Great topic of conversation. Most any sustained endurance activity is going to result in loss of unnecessary strength specific to that event, often significantly, over time. I think the the key to balancing these two (somewhat opposing) aspects of fitness is to dedicate some amount of time during your off season to pure strength training and go into your running (or whatever endurance sport) season much stronger than you need to be so that, as you inherently get weaker, you are still stronger than you would be otherwise.Poser, let's see if we can find some areas of agreement here, narrowing in on a few things.
-Solely doing long runs will not get you in shape for hunting. Agreed.
-Trying to get closer to 100 pounds than to 200 pounds will not get you in shape for hunting. Agreed.
Let's take my profile. I'm 5'11, 170 pounds. If I were trying to be a competitive ultra-distance runner, I'd try to slim down to probably 150. If I were trying to be a marine, I'd probably get up to 190. I don't like getting below 165...I boxed at 160 one year and was weak. Boxing at 165 was perfect.
Let's say that, year-round, I maintain a strength routine such that I maintain some level of strength. Say, 3 sets of: 50 pushups, 10 pullups, 10x80-pound walking lunges, 10x60-pound goblet squats, and 10x60-pound pound single-leg deadlifts. Along with that, 30-40 miles a week of running.
Here's the question:
In your opinion, does running long distances actively hurt strength (or actively detract from packing/hunting)? In other words, in your opinion, would it be "better" (better meaning, "make me more suited for hunting") to 1) stop running and supplement the above strengthwork; 2) add more strengthwork and continue running, or 3) something else?
For what it's worth, I'm not looking for argument or to change up my routine. I run for a variety of reasons, and this routine seems to work really well. I may mix things up and go back to an ultra-run volume this year and I'll report back how it goes. Just trying to tease things out a bit more rather than keep falling back to the 100-lb marathon runner versus 200-lb marine.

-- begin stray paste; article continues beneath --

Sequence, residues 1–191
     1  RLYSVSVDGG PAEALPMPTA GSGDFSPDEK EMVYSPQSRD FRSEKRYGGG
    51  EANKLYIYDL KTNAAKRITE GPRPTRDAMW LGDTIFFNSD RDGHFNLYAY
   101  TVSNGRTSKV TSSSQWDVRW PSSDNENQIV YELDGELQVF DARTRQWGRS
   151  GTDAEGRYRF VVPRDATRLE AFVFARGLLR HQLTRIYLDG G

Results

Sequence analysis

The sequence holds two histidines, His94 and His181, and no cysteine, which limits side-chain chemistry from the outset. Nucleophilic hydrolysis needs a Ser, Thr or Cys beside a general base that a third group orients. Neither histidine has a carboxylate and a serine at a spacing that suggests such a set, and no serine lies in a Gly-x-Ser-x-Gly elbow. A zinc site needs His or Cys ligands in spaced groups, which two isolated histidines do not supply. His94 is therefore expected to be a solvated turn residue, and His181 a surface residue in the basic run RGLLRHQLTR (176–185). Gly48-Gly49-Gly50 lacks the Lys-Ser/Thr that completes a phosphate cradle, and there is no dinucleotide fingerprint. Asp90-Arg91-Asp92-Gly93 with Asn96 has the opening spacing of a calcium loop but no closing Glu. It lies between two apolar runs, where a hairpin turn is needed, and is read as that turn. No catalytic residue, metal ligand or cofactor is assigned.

Bare in mind that this advice is for someone who is a amateur endurance athlete. If you are a pro, it may not apply. Also bare in mind that a pro athlete may be willing to sacrifice certain aspects of their overall health to perform at the highest level. Also, I’m not advocating that a endurance runner needs to be a powerlifter, look like a powerlifters or be strong as a powerlifter. If you are a “skinny sport” athlete, it’s more like it is perfectly reasonable that you might do a 6-10 week strength cycle during the off season with no running, biking etc, and you peak at squatting the equivalent of your Bodyweight for 5 reps and you deadlift 1.5x your Bodyweight for 5 reps. (Approximate numbers here, you might be stronger than that). You may also gain 5 lbs during that time which you will surely lose during your first 2 weeks back into endurance sport training.
During your season, your strength training may drop to 1 or two days a week and you are simply trying to maintain what strength you can. Since you are not a pro competitor, you might even take a week off from endurance sport training here and there and progressively squat, bench and deadlift 3x that week just to “refresh” your strength levels a little bit.
I think people tend to get “lost in the weeds” of attempting to do pro athlete levels of training volume and maintain that approach year around. And if you lose a little bit of time on your 50k time in competition, you will surely gain in longevity and body health. You also may experience less aches, pains and injuries, more easily adapt to putting that 100# pack full of venison on your back and still be able to take the trash out when you are 80 years old.
I am not knocking running at all. If you enjoy it, you should do it. And I also pursue endurance based sports throughout the year (big mountain ski touring in the winter and alpine Mtn biking in the summer). But, if you’re not strength training in some capacity (at least seasonally), there is a big hole in your training and it will likley only become more apparent as you age and, assuming you are not a pro endurance athlete (or an aspiring one), you have 0 reasons to sacrifice your overall health and longevity for a singular endurance sport.